Plus there’s Francesco Mattina (trade, virgin) (Midtown), Mike Mayhew (trade, virgin) (The Comic Mint), Stewart McKenny (trade, we couldn’t locate anyone selling the virgin cover) (Comics Etc.), Dawn McTeigue (virgin, trade) (Comics Elite), Rodolfo Migliari (trade, retro trade, virgin) (BuyMeToys.com), Lucio Parrillo (trade, virgin) (Scorpion Comics), Alex Ross (two covers) (via his website), Natali Sanders (virgin, trade) (KRS Comics), Nicola Scott costume match design to her Superman image for Action Comics #1000 (trade, virgin) (Kings Comics), Bill Sienkiewicz (two designs, signed or not, one in trade, one virgin, via his website), Mico Suayan (trade, virgin) (Unknown Comic Books), Jim Lee & Scott Williams (midnight release vertical and convention silver foil, B&W, and four villain designs) (Torpedo Comics, Bedrock City Comics, Graham Crackers).

Want to see them all?  Here goes:

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Review by C.J. Bunce

Happy New Year!  Let’s start the year off with a look at a great new inside look at the holiday season’s biggest hit movie, Spider-Man: Into the Spider-VerseCompared to most “art of the movie” books reviewed here at borg, a new behind-the-scenes book offers up a very different, modern update to our understanding of creating concept art for the cinema.  The book is Spider-Man: Into the Spider-Verse — The Art of the Movie by Ramin Zahed, an account of the design development and visual production process for this latest Sony Pictures Animation/Marvel partnership.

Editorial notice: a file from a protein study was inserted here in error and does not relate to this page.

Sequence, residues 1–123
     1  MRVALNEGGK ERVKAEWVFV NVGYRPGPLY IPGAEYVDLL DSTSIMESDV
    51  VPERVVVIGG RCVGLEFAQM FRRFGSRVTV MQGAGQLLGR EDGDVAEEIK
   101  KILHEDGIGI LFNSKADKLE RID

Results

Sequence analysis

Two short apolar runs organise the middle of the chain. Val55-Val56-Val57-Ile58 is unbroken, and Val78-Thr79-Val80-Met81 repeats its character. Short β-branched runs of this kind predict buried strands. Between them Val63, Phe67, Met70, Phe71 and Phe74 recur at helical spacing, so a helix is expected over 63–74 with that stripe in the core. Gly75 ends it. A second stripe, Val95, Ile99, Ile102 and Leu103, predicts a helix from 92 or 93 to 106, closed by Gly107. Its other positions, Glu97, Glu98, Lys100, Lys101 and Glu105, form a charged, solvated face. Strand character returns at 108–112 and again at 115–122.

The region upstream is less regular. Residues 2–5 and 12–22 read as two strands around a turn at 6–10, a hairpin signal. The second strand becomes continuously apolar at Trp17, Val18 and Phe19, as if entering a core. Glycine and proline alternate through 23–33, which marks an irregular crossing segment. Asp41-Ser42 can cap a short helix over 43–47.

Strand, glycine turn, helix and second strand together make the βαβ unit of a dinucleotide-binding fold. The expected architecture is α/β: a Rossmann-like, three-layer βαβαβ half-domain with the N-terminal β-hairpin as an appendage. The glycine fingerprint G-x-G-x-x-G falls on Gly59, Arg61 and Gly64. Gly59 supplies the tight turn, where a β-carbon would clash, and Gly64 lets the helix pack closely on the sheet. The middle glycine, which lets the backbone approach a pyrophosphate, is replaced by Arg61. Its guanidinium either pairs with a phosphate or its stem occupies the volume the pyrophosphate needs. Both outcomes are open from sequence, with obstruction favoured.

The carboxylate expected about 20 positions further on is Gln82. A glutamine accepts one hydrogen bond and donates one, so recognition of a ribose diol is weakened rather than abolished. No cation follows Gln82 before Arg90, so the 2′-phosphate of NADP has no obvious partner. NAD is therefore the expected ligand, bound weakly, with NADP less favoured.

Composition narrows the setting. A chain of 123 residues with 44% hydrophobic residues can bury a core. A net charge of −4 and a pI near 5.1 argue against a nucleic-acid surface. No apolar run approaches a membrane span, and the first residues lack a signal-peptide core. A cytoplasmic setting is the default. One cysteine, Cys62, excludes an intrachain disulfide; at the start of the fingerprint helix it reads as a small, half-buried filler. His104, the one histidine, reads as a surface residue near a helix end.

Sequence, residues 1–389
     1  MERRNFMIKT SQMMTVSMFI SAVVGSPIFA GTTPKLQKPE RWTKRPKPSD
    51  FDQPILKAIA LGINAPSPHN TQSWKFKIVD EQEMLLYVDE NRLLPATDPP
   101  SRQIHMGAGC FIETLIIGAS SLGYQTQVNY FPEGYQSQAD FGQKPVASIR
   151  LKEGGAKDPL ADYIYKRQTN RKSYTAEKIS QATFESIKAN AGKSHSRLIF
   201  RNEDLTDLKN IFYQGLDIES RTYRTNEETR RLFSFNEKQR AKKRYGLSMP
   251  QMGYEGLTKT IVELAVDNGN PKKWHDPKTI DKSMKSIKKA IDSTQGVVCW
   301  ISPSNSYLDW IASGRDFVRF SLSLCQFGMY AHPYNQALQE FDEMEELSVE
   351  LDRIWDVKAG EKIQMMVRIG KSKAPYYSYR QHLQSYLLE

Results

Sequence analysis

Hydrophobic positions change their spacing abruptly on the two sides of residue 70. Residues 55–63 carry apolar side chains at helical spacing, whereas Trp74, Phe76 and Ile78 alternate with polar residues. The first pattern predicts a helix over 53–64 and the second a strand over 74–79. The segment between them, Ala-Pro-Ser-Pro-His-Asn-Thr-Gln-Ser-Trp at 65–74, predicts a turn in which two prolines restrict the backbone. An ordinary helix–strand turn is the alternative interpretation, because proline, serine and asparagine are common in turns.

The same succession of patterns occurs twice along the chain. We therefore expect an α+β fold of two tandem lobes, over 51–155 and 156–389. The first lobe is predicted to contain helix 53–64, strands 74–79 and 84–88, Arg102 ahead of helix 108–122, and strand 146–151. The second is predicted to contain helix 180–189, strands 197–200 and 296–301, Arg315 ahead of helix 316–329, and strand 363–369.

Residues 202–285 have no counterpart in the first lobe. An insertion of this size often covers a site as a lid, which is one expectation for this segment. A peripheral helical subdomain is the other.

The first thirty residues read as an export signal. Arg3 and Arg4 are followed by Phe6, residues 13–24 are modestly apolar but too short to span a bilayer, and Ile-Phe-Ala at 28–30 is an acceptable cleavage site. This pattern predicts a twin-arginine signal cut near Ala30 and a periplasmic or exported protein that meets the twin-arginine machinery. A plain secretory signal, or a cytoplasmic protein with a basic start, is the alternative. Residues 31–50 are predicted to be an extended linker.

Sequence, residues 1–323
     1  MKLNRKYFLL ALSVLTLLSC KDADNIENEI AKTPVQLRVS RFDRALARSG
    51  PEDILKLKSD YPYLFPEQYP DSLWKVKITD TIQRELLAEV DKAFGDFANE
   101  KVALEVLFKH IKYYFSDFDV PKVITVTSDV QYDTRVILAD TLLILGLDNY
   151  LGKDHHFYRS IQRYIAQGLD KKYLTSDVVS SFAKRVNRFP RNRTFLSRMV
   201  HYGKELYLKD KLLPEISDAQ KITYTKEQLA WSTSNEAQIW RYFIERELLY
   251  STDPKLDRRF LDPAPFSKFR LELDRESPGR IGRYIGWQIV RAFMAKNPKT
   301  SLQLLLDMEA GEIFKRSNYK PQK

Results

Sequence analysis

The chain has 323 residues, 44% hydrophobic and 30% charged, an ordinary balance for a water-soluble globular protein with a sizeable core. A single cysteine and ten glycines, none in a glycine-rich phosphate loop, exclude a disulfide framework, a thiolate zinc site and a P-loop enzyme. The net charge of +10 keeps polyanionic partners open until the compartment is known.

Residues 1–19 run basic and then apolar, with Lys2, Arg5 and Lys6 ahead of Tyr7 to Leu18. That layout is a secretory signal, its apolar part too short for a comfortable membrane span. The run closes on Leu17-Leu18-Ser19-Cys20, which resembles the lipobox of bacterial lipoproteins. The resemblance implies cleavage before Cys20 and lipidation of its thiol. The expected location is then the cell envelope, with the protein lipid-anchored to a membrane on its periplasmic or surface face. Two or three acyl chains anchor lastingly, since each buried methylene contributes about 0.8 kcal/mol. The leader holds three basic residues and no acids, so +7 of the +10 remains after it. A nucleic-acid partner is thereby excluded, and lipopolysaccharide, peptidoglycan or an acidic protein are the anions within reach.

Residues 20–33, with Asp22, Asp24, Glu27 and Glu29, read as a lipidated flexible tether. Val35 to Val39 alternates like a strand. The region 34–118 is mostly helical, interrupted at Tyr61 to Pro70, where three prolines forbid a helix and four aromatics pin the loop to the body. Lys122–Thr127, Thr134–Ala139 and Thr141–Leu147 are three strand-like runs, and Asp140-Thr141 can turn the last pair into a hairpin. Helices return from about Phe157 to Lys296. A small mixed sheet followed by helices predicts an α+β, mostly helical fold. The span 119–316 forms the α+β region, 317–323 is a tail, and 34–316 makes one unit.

Concept art, sketches, and storyboards take on a different flare when you’re in the digital animation tech of today.  But the images still reflect that powerful, colorful, and dynamic feel in their formation of a brand new superhero universe.  Readers will find hundreds of images of developmental artistry behind the film, plus read exclusive interviews with the creators, including a foreword prepared by Miles Morales co-creator Brian Michael Bendis.

As we found with George Lucas’s groundbreaking selection of screen captures or frames found in his multi-volume book Star Wars Frames (reviewed here at borg), studying the selected individual frames from the new Spider-Verse reveals a film on par with the composition of the future world of Ridley Scott’s original Blade Runner–a city that is realistic, yet futuristic and still obviously sourced in comic books.  It’s a gorgeous movie–and the action sweeps by so quickly that most will miss the artistry found in Miles’ graffiti, storyboard sequences, and the nooks and crannies of each set layout.  Set decoration takes on a new approach, as does prop design, art direction, and costuming, in Into the Spider-Verse.